Working With Co-Workers Want to live a long life? Well then get along with workplace colleagues. Yes, a recent study suggests that having a good peer support system at work helps live longer. This effect of peer social support on the risk of mortality appears most pronounced among those between the ages of 38 and 43. However, similar support from workers’ supervisors may have no effect on mortality.

At the time of the investigation, medical records of 820 adults were thoroughly inspected. These subjects were followed for 20 years, from 1988 to 2008 for suspected physical or mental health problems. All the study workers came from some of Israel’s largest firms in finance, insurance, public utilities, health care and manufacturing. They worked for an average of 8.8 hours a day and one-third were women. While 80 percent were married with children, 45 percent reportedly had at least 12 years of formal education.

“Providing partial support to our finding, a past study found that for women in blue-collar jobs, having low levels of control does not increase their risk of becoming ill with stress-related disorders,” lead researcher, Arie Shirom, PhD, said. “One limitation of the study was that the researchers did not have data on changes in workload, control or support during the 20-year period. “Still, we argue that other researchers have consistently found that the job characteristics of workload, control and support tend to be stable across time.”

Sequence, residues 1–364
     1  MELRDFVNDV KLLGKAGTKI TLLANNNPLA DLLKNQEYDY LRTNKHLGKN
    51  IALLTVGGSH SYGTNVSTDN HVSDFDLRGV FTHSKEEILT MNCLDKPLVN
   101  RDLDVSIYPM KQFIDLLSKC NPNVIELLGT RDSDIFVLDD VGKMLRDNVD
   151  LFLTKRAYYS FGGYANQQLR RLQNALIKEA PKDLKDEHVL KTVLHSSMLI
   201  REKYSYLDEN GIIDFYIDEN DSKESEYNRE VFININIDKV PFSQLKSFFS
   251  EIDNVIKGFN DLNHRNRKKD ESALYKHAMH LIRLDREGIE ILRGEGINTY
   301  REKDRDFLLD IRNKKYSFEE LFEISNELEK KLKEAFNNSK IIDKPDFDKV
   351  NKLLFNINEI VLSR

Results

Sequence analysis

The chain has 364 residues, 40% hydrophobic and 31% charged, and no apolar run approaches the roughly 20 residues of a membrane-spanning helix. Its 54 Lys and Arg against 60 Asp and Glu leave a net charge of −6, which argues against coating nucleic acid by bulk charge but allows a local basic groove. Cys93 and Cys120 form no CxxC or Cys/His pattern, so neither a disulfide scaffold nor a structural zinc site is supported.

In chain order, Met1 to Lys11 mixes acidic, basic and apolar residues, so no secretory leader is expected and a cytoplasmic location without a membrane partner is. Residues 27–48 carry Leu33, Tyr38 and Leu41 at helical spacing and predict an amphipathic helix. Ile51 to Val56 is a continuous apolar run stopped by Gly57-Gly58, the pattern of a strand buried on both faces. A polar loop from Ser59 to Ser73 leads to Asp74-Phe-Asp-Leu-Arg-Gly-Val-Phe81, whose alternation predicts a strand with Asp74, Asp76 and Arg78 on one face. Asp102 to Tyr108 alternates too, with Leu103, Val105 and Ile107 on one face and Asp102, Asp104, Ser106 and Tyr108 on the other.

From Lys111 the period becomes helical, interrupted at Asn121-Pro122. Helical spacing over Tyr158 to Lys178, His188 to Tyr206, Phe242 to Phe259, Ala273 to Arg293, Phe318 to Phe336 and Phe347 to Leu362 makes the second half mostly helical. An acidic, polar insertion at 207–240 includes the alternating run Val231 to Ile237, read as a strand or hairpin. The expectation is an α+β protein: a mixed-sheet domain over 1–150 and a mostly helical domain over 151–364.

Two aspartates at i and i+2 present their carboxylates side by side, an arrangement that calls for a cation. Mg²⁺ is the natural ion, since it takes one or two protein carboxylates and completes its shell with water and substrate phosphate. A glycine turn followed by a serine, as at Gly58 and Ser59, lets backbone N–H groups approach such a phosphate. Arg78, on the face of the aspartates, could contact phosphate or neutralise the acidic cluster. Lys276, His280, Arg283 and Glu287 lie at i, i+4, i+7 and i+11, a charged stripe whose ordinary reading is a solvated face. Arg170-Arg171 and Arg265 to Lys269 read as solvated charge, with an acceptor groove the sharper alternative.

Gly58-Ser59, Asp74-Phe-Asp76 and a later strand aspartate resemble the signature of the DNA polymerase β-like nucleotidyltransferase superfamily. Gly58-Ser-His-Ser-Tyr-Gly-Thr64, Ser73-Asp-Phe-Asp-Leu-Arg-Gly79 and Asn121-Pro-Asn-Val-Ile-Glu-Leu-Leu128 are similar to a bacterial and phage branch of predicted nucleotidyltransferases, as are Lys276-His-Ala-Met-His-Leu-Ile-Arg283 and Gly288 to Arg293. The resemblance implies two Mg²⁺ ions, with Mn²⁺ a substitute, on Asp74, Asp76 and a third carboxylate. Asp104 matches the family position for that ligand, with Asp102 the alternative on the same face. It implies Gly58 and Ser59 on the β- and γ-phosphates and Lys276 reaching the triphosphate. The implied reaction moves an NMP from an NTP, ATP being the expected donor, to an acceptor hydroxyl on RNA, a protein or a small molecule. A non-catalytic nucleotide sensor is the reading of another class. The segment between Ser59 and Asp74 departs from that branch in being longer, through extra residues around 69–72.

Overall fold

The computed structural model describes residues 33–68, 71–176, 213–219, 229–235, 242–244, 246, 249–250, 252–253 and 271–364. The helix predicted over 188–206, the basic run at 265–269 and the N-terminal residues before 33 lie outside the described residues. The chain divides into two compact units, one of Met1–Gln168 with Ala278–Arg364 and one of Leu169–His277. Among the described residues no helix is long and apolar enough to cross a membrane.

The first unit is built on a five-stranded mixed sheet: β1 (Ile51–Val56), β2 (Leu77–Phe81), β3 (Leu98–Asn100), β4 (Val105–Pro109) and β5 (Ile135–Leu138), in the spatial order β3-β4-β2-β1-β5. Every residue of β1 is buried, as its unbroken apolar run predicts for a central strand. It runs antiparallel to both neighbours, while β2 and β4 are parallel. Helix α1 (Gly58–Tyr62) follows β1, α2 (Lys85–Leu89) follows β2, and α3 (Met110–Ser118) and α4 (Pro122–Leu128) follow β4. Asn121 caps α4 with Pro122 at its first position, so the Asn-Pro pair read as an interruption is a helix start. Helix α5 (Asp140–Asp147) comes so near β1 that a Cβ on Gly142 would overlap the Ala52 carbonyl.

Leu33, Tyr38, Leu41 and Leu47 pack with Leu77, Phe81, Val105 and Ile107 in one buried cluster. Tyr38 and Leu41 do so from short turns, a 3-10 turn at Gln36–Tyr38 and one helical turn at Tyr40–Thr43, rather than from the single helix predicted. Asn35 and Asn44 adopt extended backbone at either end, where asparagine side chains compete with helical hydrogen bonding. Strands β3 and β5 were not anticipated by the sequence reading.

All through the study, the physiological, behavioral and psychological risk factors were controlled. These factors are believed to interfere with total cholesterol, triglycerides, glucose levels, blood pressure, BMI, alcohol consumption, smoking, depressive symptoms, anxiety and past hospitalizations. Data on the control variables from each person’s periodic health examinations was examined through tests of physiological risk factors and a questionnaire filled in during the examinations by all participants.

Apart from this, volunteers were also subjected to another questionnaire that measured job demands, control at work and peer and supervisor support. During the 20-year follow-up period, 53 participants died. In conclusion, it was asserted that workplace control may have a positive impact on both men and women.

The study is published in the journal Health Psychology.